Our Whirlpool refrigerator with an enclosed ice maker located in the roof of the refrigerator section stopped working. I pulled it and found it had been spilling water (Over flowing? Or a plumbing problem?) and had encased its self in a half inch of ice. I cleaned it out and replaced it.
Still, the old ice maker did not make ice. I pulled it again and discovered the thermal switch to have a measurable resistance at room temperature. My assumption at this point, the thermal switch had failed and no longer closed after the water froze. (Is this how it is supposed to work?)
I then replace the entire ice maker assembly. This includes the motor, ice tray, heater and thermal switch. The new ice maker filled the ice bin in a day and continued to work for several weeks. Finally it stopped.
I pulled the new ice maker and found it encased in about an inch of ice. (More then the old ice maker!) So, questions...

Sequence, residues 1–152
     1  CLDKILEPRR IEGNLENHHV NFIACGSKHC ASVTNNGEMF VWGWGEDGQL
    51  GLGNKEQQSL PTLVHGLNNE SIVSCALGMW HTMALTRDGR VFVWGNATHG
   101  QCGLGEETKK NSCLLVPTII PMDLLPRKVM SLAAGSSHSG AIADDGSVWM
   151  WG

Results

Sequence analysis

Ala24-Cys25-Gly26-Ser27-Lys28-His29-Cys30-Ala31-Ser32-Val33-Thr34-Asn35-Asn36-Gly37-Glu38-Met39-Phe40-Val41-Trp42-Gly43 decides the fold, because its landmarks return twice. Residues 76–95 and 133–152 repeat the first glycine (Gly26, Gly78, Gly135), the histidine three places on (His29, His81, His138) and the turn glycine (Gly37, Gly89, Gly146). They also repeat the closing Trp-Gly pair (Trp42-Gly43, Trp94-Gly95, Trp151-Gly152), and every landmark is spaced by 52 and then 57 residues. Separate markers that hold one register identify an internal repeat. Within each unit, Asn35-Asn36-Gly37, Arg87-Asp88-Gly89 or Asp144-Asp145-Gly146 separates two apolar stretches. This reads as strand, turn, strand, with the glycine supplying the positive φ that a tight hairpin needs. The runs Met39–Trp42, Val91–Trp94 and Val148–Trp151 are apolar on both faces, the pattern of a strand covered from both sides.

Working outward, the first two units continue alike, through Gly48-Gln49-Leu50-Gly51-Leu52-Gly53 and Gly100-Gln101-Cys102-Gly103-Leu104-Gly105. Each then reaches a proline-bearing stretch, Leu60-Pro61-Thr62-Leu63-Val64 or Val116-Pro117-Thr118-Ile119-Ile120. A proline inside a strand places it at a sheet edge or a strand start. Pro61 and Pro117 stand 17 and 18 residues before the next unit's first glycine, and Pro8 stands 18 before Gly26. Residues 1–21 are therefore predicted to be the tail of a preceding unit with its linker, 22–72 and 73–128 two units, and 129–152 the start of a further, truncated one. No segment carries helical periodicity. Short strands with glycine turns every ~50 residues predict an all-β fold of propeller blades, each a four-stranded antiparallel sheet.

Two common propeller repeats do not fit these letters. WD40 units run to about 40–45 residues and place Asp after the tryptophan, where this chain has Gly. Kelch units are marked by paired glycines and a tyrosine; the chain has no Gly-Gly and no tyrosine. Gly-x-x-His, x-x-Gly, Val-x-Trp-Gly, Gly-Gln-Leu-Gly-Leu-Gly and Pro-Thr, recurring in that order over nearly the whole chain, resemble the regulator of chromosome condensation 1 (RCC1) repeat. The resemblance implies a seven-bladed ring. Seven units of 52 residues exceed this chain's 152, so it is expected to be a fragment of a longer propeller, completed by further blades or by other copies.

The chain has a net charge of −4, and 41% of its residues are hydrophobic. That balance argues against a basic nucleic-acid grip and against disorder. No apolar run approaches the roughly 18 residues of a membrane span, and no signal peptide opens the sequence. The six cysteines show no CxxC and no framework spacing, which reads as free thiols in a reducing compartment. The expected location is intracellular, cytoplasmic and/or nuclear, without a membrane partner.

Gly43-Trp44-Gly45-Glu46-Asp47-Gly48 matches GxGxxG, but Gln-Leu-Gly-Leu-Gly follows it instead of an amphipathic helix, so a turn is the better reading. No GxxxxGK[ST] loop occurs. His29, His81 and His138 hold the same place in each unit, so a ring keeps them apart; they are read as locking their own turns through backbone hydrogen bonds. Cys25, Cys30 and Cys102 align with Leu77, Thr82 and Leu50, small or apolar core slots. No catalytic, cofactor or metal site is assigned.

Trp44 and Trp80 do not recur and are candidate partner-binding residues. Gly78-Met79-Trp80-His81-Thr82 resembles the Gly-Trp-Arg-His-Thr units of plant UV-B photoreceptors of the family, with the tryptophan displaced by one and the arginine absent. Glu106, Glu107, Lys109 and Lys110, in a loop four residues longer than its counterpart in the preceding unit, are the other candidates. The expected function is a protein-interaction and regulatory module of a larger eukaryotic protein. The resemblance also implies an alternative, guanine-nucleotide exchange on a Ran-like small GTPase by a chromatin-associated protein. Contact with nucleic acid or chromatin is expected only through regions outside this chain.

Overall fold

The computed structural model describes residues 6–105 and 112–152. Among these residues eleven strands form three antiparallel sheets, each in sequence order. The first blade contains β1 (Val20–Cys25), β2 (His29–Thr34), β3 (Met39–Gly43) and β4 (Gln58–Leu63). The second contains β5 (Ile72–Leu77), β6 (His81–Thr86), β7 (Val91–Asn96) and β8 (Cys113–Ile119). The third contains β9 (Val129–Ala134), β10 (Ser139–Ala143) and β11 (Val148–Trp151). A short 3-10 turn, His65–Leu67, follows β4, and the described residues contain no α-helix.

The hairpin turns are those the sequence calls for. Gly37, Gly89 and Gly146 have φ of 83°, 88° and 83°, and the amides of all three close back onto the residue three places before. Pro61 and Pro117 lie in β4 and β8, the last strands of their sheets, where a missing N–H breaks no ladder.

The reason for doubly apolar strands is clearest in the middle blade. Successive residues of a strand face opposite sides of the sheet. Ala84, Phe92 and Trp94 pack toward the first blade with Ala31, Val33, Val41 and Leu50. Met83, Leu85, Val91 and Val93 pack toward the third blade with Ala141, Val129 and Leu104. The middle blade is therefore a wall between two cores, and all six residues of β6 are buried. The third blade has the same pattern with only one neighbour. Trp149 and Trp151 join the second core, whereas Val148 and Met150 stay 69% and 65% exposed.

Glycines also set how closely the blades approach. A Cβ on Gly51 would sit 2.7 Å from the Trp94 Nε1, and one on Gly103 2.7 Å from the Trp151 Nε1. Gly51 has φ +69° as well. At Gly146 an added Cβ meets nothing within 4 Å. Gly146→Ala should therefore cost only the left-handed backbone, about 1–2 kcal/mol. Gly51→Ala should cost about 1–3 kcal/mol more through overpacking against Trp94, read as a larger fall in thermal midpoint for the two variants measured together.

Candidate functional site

- Curiously, the old and new ice makers had liberal amounts of grease on the lip of the metal ice tray. I completely cleaned the grease off of the new ice maker thinking it was a manufacturing mistake. As there are no moving parts anywhere near the applied grease. If this was meant to mitigate leakage, it could have only kept drops of water back in the try. What is the grease for??
- I assume timing for water dispensing comes from the ice maker motor turning the large gear containing many rotating contacts. Could it be the new ice maker water dispensing time is to long? That the new ice maker is faulty?
- I recently changed the refrigerator's water filter. I did not use a questionable cheap filter. I bought the recommended filter at more than double the price. Could the new filter be defective? That is, perhaps the ice maker water dispensing time takes into account a water filter slowing the water flow rate. I find this hard to believe as the refrigerator comes with a bypass option which allows water to flow directly to the ice maker directly with no filter installed.